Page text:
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I recently lost a close friend and classmate (whom I have known for the past 5 years) to depression. While I have been able to get through the worst of it, I'm still having trouble finding closure. Can any other ENTPs here with more experience in this offer me some advice please?
 
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Tough one my man. I have lost a ton of close people as well.

Forgive my crass directness here.. Did they pass away or are they mentally absent?

I would prefer not to assume.
 

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Tough one my man. I have lost a ton of close people as well.

Forgive my crass directness here.. Did they pass away or are they mentally absent?

I would prefer not to assume.
To put it bluntly, she jumped in front of a train. Her depression was genetic (from her mother's side), so it wasn't really anyone's fault, so I don't blame myself. It also means that a lot of people didn't see this coming. I saw her the night before at a party, and she seemed fine, if a bit off.
 

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Suicide. Really tough.

http://personalitycafe.com/entp-forum-visionaries/697986-entp-handling-death.html

The above link is right up your ally.
My brother committed suicide 2 years ago and I started that thread.

Obviously no two issues are the same yet I think you will find some great answers
in there. If not from current PerC members, former ones that may not be around to
weigh in.

I will flesh out a more articulate response when I can dedicate some head space to this.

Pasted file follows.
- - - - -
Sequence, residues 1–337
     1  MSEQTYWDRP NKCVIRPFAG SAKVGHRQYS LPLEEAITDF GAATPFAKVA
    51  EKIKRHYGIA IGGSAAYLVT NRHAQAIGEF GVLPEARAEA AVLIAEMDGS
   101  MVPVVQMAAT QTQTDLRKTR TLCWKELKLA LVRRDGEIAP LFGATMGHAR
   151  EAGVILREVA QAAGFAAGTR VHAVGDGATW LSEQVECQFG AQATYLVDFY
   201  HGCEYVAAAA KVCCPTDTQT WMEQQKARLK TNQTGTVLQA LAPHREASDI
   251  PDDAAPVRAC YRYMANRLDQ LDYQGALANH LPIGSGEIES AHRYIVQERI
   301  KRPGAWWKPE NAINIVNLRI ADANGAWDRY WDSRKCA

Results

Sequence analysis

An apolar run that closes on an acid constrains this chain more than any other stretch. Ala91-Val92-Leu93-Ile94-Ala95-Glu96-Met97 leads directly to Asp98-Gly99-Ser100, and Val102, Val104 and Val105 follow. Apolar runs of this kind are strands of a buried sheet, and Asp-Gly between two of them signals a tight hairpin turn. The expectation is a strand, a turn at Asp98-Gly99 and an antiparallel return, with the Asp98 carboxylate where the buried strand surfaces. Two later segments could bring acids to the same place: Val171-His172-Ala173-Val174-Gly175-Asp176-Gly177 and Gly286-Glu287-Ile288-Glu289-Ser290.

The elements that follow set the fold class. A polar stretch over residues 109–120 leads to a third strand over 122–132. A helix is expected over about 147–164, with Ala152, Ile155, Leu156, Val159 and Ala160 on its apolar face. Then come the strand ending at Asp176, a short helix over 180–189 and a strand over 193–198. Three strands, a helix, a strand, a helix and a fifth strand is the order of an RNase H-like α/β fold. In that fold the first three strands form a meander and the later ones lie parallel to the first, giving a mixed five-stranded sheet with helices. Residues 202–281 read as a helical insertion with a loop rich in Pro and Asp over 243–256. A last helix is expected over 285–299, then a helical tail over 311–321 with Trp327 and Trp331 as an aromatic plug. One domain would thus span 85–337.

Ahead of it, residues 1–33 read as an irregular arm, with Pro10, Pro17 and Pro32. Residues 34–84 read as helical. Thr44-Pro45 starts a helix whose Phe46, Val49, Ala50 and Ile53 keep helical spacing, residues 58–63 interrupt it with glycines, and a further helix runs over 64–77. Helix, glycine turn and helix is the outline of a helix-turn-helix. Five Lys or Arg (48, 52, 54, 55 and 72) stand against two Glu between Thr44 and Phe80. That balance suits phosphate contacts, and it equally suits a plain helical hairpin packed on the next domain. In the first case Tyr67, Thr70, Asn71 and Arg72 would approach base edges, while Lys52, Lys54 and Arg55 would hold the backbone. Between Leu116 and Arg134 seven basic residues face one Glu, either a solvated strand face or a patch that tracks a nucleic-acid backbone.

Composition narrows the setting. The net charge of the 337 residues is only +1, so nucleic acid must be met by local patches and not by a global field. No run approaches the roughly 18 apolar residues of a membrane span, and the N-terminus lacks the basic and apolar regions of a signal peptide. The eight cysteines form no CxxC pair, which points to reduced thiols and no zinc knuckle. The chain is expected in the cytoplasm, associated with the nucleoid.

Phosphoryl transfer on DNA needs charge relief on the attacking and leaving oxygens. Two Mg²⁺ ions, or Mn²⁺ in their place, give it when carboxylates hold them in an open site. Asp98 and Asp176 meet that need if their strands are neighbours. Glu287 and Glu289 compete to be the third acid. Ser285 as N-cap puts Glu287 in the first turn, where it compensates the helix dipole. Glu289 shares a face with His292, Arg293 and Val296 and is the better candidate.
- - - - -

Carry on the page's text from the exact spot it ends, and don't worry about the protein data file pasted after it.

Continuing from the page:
I dont like my run of the mill rambling post for items such as this. You deserve better in
serious situations. Basically? I like to keep my Fe in check if possible.

It is confusing and somewhat daunting to feel in these situations.
Just allow for some unabated feels to slip through that ENTP logic
shell. Its tough but doable. Understanding what you are feeling becomes
the tough bit.

NF's are a great crutch, as a start.
 

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When I experience loss, it's like a dose of Novocaine. I tend to bottle those feelings up and push them away to deal with 10 years from now after a mental break. The only thing I've learned from loss and my own brushes with death is that life moves on. It doesn't stop to wait for anyone.

Sorry Kaiser, I don't have any good advice to give.

Just posting to wish you well.
 

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@Ka1serTheRoll I'm sorry that happened. That is a really crappy situation and sad and just...awful.

The one piece of advice I can give speaks to what @CrispyBacon mentioned - I also tend to bottle my feelings up and isolate when something happens that hits me deep. @FueledByEvil also hinted at this when speaking about feels. So, more recently I have tried to make myself say yes to help or support when it is offered and be honest and say no when people ask me if I am doing okay.

I feel like because as an ENTP internally/deeply I am always in a bit of emotional turmoil/walking a tightrope but managing fine, I have habituated to refusing help in any instance, and bucking up. I am always "fine" and ready to retreat so no one can see me licking my wounds. Then I wish afterwards that I hadn't.